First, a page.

Even with only eight days to report on, we have completed an array of different and exciting activities. In the classroom, students reading and writing ‘Fractured Fairy Tales’ led to laughter, as unexpected characters appeared and twists in traditional stories unfolded.
Our ‘Community’ theme study took us to the Wallace and into the kitchen to meet Kitchen Manager, Bill Edgerton (see student report below). We wrote persuasive letters to Bill asking him politely if we could join the rest of the Chewonki community for lunch one day soon. We anxiously await his response! Another guest community speaker, Orville Mooney, talked about his job in Facilities, and his role teaching carpentry at the boys camp.
Our outside time included cross country skiing games and skill development. We had an entertaining snack break playing with a remote control car that raced around the lower field. The woods behind the CEE have been transformed into a new play area with snow and ice. It is like having a new playground.
Last Friday, we ventured to the CMCA in Rockland. The docents engaged us with very age-appropriate activities as we looked at and talked about the art. We had time in the art lab at the museum to create our own art inspired by what we had seen. We are all excited to go back next year!
Lorna Fake (Grades 1/2/3 teacher)
Yesterday we went to the Wallace to interview Bill, who is the head cook. We saw a huge pot that could hold two six year olds in it! We also went into the refrigerator and the freezer. The refrigerator was 38℉ and the freezer was 0℉. We went to the root cellar, and it smelled strange. There were carrots, potatoes, and beets. Bill cooks 80,000 meals a year. That is a lot!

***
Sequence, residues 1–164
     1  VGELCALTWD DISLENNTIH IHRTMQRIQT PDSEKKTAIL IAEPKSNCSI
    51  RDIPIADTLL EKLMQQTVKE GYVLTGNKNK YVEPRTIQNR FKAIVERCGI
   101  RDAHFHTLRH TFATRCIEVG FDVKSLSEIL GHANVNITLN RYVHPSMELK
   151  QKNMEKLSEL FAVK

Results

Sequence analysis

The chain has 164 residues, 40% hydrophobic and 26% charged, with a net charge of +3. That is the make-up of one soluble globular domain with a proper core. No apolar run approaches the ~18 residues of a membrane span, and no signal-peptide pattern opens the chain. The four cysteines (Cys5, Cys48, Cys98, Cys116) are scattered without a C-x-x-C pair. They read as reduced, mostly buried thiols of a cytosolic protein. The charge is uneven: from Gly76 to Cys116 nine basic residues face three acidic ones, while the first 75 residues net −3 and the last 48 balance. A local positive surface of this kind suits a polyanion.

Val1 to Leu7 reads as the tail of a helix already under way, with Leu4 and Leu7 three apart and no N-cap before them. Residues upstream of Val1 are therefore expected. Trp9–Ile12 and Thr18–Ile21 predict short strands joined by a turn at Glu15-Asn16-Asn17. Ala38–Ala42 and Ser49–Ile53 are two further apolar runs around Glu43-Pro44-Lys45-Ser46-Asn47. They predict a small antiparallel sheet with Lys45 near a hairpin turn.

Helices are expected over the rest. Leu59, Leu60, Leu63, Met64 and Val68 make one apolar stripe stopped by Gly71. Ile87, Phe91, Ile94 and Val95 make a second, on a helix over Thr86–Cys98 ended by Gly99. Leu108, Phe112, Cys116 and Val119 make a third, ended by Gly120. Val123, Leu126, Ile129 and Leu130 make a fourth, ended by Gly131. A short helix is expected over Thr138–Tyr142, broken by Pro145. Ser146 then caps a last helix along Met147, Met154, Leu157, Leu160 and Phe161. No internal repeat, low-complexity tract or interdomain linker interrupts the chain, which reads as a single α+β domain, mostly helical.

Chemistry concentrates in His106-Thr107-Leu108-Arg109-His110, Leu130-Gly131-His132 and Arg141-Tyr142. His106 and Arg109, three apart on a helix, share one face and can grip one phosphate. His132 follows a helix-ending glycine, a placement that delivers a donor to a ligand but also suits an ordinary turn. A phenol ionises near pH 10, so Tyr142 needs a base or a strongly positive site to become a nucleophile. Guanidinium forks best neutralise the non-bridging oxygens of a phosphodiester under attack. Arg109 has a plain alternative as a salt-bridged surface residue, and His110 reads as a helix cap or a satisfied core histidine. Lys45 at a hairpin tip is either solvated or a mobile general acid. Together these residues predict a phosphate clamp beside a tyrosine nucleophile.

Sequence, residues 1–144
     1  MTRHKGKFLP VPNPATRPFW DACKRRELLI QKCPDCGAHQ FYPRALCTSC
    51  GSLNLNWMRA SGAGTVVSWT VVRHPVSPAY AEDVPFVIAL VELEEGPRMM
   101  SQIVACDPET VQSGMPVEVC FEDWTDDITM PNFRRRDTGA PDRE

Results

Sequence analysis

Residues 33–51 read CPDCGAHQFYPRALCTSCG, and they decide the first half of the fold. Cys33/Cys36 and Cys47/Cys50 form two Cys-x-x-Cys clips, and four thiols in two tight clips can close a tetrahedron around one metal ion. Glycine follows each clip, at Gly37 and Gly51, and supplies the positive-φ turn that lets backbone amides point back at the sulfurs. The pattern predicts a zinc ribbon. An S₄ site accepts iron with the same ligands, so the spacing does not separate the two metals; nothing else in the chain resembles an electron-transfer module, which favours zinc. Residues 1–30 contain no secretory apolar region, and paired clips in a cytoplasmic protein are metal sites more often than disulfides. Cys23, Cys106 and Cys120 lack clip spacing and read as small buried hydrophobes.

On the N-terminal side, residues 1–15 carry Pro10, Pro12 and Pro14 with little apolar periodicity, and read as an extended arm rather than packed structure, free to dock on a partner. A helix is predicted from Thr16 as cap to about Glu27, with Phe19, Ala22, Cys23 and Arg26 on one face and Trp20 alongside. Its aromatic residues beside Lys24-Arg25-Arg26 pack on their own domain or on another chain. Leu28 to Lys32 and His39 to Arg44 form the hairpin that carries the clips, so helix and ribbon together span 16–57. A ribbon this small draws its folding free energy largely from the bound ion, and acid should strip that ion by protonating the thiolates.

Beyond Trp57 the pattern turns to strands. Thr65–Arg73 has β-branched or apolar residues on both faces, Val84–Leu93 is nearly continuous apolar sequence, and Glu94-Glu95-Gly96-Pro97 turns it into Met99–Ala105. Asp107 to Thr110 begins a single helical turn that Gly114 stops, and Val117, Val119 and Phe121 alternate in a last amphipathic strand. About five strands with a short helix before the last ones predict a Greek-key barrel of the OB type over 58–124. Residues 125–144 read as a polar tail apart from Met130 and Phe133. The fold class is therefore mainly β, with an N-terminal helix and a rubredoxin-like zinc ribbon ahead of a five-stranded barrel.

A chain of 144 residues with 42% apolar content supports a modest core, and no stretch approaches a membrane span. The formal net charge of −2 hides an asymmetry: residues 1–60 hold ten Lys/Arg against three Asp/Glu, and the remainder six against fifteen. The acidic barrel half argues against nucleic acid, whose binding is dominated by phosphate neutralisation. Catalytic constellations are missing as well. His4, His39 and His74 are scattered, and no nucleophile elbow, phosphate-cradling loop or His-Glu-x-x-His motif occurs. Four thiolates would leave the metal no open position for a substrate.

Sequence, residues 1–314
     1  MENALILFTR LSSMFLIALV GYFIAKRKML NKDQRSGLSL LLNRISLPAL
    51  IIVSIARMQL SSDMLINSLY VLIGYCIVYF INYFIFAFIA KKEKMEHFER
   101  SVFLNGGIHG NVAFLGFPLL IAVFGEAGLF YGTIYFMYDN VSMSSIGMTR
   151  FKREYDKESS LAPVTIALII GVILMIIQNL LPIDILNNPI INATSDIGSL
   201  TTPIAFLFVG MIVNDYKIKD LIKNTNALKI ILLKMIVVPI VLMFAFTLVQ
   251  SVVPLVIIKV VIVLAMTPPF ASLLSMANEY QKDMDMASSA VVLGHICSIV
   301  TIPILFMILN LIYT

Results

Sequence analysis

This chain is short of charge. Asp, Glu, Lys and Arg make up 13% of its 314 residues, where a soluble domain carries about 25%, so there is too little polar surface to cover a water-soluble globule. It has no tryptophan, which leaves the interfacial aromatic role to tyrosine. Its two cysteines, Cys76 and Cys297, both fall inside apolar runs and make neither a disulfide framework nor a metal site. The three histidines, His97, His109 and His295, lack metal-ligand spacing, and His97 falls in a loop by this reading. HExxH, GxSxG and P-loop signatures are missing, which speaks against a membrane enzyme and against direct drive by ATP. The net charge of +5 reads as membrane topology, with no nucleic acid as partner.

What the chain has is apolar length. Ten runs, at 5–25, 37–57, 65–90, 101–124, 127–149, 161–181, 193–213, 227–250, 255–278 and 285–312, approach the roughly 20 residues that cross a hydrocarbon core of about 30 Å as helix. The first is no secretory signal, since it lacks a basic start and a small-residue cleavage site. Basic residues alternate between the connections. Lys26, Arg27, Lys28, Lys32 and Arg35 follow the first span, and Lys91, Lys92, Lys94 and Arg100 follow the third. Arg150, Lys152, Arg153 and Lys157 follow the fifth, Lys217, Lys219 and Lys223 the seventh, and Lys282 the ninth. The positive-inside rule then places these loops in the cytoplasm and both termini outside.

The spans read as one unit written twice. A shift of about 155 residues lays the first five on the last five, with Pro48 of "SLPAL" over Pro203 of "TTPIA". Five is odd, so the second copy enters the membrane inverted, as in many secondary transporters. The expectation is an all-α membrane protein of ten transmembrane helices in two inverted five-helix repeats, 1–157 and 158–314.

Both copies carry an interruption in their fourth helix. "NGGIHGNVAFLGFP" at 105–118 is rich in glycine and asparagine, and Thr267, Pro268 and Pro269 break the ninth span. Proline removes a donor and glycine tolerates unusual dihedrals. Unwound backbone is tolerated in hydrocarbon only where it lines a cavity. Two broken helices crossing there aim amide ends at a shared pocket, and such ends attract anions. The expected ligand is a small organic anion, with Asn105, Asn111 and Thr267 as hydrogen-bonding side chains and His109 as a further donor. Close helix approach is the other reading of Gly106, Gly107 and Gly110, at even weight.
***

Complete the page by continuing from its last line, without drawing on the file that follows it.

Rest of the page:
Davis (Grade 3 student)
Today Orville Mooney was our community guest speaker. His job is in Facilities. He let us use a drill. It was really exciting. He showed us a miniature boat the Puffins made at camp. He also showed us a wooden kayak paddle that the boys made at camp. He likes his job in general, he especially likes working with the students (he doesn’t like cleaning toilets!).
Malcolm (Grade 2 Student)
The 5/6 class has covered a lot of ground in the past two weeks, both literally and figuratively. In our history studies leading up to the Revolutionary War, we’ve gone from studying the history of the first people on this land- the Paleo-Indians, up to the first contact with English settlers and the failed Popham Colony.
Students gained first-hand experience with the challenges and miscommunications that can arise from cultural encounters through a simulation of a cultural clash between the ‘Rockets’ & ‘Sparklers’, two fictional cultures. Students made connections to how “deep culture” can be misinterpreted, and how that often leads to conflict.
We then had the exciting opportunity to visit the reconstruction of Virginia, the first ship built in Maine at the Popham Colony. Students tried their hands at some traditional boat-building techniques, as well as hauling on a line with the help of a sea shanty called “Haul on the Bowline”. The louder you sing, the harder you pull!
Students also covered a lot of ground on their cross country skis last week. We practiced going down hills, turning around, and even partner skiing! With more snow on the way, we are all looking forward to more time gliding around Chewonki Neck, with the goal of a longer expedition on our overnight trip at the end of January.
By Greta Righter (Grades 5/6 teacher)